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There's been talk of a possibility of deflation looming. But, is the threat real?

One thing for sure, we've definitely been in an equity market deflation for the past 2 and a half years. Approximately 7 trillion dollars have been erased from stock market portfolios since the peak.

But, what about price deflation? According to the Cleveland Fed, the median Consumer Price Index was up 0.3% in July. So, we're not currently in any price deflation. But the Consumer Confidence Index fell 9 points in July to 97.1, so consumers aren't feeling too happy.

And even if price deflation comes anyways, what's wrong with that? Won't it be nice to see gasoline, food, and clothing with cheaper prices?

The problem with a major price deflation is that it can severely have a negative impact on the economy. The last time there was a major price deflation, it helped trigger the Great Depression of the 1930s.

When prices fall, that means demand is getting lower than the supply. It means that people aren't buying as much goodies. Perhaps they got laid off from their job. Perhaps there isn't as much loose change in the pocket for unnecessary expenditures. Perhaps they've hit their credit limits and can't get any more loans to buy stuff. Perhaps they're holding off to buy something since things will be cheaper in the future. Perhaps they are starting to think that saving is better then spending.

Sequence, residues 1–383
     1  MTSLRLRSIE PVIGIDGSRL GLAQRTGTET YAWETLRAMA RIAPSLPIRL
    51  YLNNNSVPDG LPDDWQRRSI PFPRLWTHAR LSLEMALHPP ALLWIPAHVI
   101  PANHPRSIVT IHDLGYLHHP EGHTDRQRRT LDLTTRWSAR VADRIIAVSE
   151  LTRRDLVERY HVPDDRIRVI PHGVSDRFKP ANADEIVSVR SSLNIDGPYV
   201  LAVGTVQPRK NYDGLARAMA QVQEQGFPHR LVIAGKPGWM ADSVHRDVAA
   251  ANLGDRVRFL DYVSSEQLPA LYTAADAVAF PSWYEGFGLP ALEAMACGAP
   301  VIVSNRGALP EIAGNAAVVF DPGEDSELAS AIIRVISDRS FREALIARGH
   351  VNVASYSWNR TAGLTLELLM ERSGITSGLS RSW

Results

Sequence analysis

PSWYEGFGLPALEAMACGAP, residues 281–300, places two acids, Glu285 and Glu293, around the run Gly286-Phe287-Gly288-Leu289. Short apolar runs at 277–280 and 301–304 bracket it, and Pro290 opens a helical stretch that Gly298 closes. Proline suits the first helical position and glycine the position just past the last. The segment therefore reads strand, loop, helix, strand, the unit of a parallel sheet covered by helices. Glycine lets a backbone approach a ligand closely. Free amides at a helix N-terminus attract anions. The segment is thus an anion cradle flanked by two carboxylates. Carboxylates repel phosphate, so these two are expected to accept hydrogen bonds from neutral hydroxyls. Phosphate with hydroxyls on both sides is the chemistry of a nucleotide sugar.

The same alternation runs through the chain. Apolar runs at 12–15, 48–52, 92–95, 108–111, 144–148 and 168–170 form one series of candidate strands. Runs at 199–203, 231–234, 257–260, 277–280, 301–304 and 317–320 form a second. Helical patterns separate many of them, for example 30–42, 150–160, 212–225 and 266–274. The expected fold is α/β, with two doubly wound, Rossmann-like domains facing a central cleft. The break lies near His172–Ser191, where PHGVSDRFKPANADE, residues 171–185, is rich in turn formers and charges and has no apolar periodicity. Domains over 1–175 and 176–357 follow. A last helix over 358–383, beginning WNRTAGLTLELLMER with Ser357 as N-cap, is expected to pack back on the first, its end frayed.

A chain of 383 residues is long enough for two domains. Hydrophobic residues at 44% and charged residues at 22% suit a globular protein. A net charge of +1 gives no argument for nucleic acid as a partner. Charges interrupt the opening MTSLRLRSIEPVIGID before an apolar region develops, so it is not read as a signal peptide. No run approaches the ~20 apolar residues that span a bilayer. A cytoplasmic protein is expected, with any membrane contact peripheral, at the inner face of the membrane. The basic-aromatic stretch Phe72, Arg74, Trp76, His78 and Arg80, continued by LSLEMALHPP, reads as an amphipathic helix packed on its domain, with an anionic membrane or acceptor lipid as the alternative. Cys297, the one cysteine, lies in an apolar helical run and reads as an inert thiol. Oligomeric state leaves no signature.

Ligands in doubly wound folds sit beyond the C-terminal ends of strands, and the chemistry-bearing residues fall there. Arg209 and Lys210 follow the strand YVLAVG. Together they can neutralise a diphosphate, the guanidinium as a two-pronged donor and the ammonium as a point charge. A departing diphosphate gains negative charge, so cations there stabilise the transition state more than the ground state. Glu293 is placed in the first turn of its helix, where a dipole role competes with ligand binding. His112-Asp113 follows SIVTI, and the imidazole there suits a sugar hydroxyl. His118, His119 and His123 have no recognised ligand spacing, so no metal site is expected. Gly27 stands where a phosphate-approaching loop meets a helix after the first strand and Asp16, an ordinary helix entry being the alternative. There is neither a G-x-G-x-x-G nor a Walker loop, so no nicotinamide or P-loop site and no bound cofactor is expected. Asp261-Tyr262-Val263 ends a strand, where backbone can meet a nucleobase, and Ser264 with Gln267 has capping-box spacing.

From the supply side, when demand is lower, companies react by producing less. So companies make less profits. As profits decrease (or losses increase), companies can lower wages or lower headcount to stay afloat. Or companies can also declare bankruptcy and all the employees and shareholders lose out. And as employees get a smaller paycheck or lose jobs and shareholders lose portfolio values, it perpetuates the deflation cycle.

Another thing about price deflation is that the Fed can't do anything about it. Well, they can inject more money into the system to counteract falling prices, but it can't solve the fundamental problems (job layoffs, lower wages, loss of consumer confidence) that causes price deflation.

The only thing the Fed can do is lower the fed funds rate (currently at 1.75) to get more people to borrow. But, if people have already bought their new car, their new house, and maxed out their credit cards, it won't matter how low the interest rate is. And companies don't typically invest for growth when sales are headed down. So companies won't borrow more either.

Will price deflation come? As long as the Fed is still around, it will continue to work the only magic it knows, to increase the money supply. So, barring a desolution of the Federal Reserve, we won't be seeing any major price deflation soon. But, more job layoffs, lower wages, more bankruptcies, and lower consumer confidence can most certainly come.

Fear of a free fall - US News
Double-Dipping Into Deflation? - Forbes
Bracing for Deflationary Pressure - The Street

Posted: 2002-08-26 15:36:41

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